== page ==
Feature

Broadway: The show goes on for now

Broadway sprang back to life last week as striking stagehands tentatively agreed to a new contract, said Campbell Robertson in The New York Times. The union won large guaranteed raises for the next five years, while producers will be free to experiment wi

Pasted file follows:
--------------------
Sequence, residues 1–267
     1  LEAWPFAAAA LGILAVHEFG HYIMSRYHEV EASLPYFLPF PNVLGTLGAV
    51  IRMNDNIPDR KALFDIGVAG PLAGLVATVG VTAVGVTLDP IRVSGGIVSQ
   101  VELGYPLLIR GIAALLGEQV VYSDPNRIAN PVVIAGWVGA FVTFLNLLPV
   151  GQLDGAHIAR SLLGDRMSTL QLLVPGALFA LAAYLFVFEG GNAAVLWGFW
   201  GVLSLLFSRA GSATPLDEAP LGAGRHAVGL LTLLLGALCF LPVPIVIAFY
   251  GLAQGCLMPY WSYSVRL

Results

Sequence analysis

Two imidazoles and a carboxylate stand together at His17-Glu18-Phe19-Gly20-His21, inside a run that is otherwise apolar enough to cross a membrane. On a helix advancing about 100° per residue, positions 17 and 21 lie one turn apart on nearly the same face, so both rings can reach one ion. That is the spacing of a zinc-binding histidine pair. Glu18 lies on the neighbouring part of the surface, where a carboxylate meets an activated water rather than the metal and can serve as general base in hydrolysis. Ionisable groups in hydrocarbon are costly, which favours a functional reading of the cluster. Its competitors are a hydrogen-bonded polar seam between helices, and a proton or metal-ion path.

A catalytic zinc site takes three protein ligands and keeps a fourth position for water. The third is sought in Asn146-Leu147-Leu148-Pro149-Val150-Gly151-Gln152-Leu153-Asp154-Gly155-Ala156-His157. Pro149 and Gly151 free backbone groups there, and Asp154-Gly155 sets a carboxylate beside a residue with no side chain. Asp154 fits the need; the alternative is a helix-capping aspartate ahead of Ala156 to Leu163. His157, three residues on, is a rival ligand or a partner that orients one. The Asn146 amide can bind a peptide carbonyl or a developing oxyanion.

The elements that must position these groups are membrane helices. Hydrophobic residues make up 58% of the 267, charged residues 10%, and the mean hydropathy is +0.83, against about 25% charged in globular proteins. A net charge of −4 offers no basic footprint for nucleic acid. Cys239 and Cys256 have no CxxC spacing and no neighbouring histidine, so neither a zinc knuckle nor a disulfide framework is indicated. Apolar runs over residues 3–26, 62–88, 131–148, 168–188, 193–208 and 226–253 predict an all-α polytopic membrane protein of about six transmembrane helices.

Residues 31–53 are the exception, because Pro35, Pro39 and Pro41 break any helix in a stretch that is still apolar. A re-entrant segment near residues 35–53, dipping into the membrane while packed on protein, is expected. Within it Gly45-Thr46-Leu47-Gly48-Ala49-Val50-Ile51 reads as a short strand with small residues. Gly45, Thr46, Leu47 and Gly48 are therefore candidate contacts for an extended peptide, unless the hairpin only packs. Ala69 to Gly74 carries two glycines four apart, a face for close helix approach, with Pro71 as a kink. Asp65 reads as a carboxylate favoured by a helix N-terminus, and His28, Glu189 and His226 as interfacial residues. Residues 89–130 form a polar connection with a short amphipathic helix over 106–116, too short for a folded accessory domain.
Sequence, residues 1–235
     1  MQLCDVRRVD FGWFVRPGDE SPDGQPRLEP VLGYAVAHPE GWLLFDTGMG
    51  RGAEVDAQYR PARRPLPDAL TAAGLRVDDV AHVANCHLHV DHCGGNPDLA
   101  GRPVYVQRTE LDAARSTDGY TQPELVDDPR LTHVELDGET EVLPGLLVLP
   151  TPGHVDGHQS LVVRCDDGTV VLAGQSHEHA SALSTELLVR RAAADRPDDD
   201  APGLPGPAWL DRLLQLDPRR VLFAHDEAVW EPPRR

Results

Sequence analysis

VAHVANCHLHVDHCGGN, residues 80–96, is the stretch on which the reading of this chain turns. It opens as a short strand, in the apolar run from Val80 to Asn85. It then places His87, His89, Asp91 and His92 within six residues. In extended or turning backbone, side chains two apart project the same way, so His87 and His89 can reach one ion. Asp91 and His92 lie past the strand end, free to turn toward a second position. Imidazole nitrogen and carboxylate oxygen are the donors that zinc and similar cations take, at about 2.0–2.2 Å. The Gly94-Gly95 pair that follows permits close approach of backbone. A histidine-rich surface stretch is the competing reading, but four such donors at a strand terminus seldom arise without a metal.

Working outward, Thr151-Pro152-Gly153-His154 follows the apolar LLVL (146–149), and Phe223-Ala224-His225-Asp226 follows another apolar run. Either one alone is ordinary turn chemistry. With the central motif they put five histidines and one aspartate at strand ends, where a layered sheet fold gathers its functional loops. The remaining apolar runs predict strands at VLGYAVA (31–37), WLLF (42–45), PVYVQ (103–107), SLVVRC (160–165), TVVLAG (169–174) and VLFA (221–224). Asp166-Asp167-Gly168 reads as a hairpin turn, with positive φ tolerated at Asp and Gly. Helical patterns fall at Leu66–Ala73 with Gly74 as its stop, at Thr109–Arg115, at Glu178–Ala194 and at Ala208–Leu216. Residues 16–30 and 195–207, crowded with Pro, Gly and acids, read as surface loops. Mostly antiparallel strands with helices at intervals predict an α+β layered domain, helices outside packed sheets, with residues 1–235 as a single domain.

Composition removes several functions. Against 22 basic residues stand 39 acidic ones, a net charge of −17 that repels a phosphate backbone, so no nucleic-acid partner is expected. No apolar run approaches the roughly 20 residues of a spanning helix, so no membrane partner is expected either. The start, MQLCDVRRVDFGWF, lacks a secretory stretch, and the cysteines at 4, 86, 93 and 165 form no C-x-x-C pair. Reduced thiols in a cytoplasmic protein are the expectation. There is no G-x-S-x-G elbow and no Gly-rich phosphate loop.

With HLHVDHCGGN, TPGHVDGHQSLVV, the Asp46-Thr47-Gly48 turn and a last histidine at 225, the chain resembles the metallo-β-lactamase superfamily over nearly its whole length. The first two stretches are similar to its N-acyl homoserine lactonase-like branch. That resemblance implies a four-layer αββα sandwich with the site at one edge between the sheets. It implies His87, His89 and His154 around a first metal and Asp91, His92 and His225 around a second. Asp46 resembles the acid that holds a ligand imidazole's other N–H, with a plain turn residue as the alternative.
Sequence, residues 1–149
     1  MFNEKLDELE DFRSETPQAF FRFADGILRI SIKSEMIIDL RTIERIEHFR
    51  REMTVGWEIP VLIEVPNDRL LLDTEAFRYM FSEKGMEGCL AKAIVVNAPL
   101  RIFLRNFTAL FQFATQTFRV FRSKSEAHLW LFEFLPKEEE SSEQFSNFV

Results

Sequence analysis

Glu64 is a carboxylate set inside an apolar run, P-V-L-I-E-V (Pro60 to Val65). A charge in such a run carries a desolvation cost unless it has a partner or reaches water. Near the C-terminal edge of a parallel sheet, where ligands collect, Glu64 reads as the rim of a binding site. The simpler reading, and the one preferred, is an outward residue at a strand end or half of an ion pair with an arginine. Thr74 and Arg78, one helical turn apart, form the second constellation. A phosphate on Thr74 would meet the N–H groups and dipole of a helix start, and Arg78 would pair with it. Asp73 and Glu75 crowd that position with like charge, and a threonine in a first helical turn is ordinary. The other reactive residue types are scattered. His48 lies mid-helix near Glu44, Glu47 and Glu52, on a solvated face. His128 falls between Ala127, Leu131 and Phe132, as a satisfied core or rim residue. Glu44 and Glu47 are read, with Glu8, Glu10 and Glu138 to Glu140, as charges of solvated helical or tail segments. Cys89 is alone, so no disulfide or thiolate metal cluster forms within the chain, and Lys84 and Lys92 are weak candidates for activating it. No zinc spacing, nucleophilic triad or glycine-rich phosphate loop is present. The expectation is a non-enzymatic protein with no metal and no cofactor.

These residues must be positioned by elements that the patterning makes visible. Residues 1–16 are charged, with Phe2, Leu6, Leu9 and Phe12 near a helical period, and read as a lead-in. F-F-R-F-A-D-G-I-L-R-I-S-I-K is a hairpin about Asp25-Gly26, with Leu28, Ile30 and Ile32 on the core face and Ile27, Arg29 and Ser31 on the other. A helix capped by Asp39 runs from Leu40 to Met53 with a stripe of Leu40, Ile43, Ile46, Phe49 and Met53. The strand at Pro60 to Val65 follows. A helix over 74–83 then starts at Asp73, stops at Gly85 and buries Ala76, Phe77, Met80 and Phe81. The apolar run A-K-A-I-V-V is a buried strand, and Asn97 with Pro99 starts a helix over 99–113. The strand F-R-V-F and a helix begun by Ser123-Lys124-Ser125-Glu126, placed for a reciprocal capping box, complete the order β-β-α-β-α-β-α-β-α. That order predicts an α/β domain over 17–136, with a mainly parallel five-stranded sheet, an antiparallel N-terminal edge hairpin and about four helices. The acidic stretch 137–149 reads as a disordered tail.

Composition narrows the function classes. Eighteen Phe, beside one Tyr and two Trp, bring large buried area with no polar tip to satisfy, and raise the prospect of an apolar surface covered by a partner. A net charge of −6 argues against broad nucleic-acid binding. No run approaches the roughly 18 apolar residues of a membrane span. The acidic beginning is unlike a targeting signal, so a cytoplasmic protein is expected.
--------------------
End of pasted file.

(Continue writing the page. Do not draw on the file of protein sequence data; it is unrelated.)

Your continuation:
Broadway sprang back to life last week as striking stagehands tentatively agreed to a new contract, said Campbell Robertson in The New York Times. The union won large guaranteed raises for the next five years, while producers will be free to experiment with reduced staffs on certain productions. But there was no clear winner in this battle, which “wiped away millions of dollars of potential ticket sales” and cost New York City at least $40 million. Some 26 Broadway shows were forced to remain dark during one of the busiest parts of the year. Thankfully, wild rumors “that this or that show was about to close” turned out to be unfounded, but several new musicals and much-anticipated plays were forced to delay their openings. The result is a logjam of openings in the next few weeks, said Robert Hughes in The Wall Street Journal. Plays originally scheduled to open weeks apart “suddenly have openings separated by only a day or two, jeopardizing their ability to grab enough attention” to ensure a long run. Stagehands will meet this week to officially ratify the new contract, but many on Broadway are already dreading the next labor tussle. The producers’ contract with Actors’ Equity, “which represents 46,000 stage actors and stage managers around the country, including 17,000 in New York,” will be up in June.

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